CAD too a deciding factor for more easing: RBI
Concerned over the country's large Current Account Deficit, the Reserve Bank Wednesday said future decisions on monetary easing will not only be driven by the inflation trajectory but also by the widening CAD.
Mumbai: Concerned over the country's large Current Account Deficit, the Reserve Bank Wednesday said future decisions on monetary easing will not only be driven by the inflation trajectory but also by the widening CAD.
"We will take into account what the CAD is. It (monetary easing) will not be driven just by inflation numbers or the inflation trajectory...," RBI Governor Duvvuri Subbarao told analysts in the customary post-policy conference call.
He said: "The CAD has (not only) macroeconomic implications but (also) implications for price situation, inflation movement, and therefore for monetary policy. It will be difficult to say monetary policy will just look at inflation numbers and remain blind to all other variables..."
Subbarao added, however, that the central bank was not targeting any CAD number as such and wanted it to come down from the present high level of 5.4 percent.
"We take into account external sector developments, including the size of CAD and the composition of CAD into the monetary policy action. But, we are not trying to target CAD (per se). We want it to come down from its current level but that will depend on a number of policy actions and not just the monetary policy," he said.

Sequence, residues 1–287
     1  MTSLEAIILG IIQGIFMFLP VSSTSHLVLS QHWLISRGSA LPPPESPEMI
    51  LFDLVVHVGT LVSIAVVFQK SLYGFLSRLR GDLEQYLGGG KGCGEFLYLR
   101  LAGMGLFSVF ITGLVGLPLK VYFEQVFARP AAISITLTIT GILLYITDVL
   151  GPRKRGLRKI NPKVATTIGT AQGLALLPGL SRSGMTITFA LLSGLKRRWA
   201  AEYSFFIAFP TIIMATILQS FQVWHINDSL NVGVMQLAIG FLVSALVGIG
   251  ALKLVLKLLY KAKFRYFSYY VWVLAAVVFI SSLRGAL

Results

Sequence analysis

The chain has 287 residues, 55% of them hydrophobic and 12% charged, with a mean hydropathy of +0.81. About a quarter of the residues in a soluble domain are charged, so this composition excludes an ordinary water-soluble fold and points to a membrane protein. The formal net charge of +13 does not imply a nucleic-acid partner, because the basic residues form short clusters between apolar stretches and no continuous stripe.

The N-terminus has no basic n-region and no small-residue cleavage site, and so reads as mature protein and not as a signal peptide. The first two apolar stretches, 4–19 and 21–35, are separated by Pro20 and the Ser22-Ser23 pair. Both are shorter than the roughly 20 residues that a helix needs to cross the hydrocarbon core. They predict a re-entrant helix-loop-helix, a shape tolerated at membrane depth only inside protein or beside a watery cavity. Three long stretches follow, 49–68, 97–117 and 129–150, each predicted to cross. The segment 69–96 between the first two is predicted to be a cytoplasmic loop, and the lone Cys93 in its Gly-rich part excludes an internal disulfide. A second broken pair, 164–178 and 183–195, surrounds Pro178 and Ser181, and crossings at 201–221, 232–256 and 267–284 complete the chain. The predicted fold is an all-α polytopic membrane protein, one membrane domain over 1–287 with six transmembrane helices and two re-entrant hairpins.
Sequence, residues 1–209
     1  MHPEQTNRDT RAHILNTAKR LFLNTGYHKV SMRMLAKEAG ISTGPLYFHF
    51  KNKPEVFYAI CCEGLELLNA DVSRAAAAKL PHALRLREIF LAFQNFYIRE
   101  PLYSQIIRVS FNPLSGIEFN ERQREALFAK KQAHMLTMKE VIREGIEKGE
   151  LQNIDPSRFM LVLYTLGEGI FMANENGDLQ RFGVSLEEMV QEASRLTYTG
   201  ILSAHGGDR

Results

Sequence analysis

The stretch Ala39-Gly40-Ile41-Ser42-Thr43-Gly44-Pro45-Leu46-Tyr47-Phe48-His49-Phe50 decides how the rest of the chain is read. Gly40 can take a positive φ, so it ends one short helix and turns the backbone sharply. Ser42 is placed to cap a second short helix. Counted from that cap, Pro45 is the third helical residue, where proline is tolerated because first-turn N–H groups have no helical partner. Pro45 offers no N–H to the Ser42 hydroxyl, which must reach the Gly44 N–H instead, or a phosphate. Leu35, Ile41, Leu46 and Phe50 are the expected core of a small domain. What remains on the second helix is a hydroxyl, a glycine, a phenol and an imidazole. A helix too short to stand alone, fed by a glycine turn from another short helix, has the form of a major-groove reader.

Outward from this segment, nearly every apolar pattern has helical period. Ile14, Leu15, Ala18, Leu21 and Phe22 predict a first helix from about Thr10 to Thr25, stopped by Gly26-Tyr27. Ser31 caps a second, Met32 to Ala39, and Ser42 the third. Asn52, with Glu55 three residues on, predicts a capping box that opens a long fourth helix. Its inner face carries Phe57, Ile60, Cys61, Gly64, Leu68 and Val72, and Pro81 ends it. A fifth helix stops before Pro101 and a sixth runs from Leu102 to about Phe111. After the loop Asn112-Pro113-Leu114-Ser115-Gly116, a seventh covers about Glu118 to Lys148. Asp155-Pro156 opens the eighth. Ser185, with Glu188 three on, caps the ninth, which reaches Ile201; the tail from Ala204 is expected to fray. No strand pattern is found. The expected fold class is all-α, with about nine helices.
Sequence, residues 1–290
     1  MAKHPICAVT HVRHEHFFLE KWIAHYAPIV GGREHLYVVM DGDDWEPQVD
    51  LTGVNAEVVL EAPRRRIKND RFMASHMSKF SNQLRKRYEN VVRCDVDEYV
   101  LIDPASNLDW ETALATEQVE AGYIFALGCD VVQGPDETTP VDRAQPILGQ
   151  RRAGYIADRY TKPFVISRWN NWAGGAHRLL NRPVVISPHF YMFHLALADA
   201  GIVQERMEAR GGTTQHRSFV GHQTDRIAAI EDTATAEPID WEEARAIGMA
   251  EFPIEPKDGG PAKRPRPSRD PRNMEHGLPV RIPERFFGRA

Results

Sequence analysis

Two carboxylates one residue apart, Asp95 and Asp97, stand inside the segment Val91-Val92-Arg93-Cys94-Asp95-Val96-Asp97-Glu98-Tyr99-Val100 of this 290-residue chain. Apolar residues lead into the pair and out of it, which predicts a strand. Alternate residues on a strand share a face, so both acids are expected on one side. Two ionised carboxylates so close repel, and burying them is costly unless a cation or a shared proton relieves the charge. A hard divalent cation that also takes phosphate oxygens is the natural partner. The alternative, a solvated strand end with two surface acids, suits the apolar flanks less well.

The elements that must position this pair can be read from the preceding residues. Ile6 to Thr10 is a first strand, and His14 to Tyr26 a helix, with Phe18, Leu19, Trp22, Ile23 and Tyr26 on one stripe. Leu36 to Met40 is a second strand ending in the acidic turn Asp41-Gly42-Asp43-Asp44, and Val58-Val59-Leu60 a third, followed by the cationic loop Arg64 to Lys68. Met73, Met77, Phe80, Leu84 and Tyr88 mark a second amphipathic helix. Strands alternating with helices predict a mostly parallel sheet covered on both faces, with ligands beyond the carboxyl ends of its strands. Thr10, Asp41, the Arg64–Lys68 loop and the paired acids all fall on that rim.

Urjit Patel, the newly-appointed deputy governor, who is in-charge of the monetary policy department at RBI, said both monetary as well as fiscal policy have implications for CAD.
"Monetary policy and fiscal policy both impact aggregate demand. Both have implications for the CAD..," Patel said.
Unveiling the third quarter monetary policy yesterday, the Governor sounded hawkish on more rate cuts, flagging his concerns on the widening CAD, saying the high deficit threatens macroeconomic stability and would stunt growth.
The CAD, which is measured by the difference between exports of goods, services and transfers to total import within a time period, touched a record high of 5.4 percent of the GDP in the July-September quarter.
In 2011-12 fiscal it was 4.2 percent, but is at 4.7 percent for the first half of the current fiscal.
"Large fiscal deficits will accentuate the CAD risk, further crowd out private investment and stunt growth impulses," RBI said in its third quarter policy review and warned of a further rise in the final reading due to the continuous decline in exports.
"Domestically, the widening of the CAD to historically high levels in the context of a large fiscal deficit and slowing growth exposes the economy to the risks from twin deficits," RBI had said.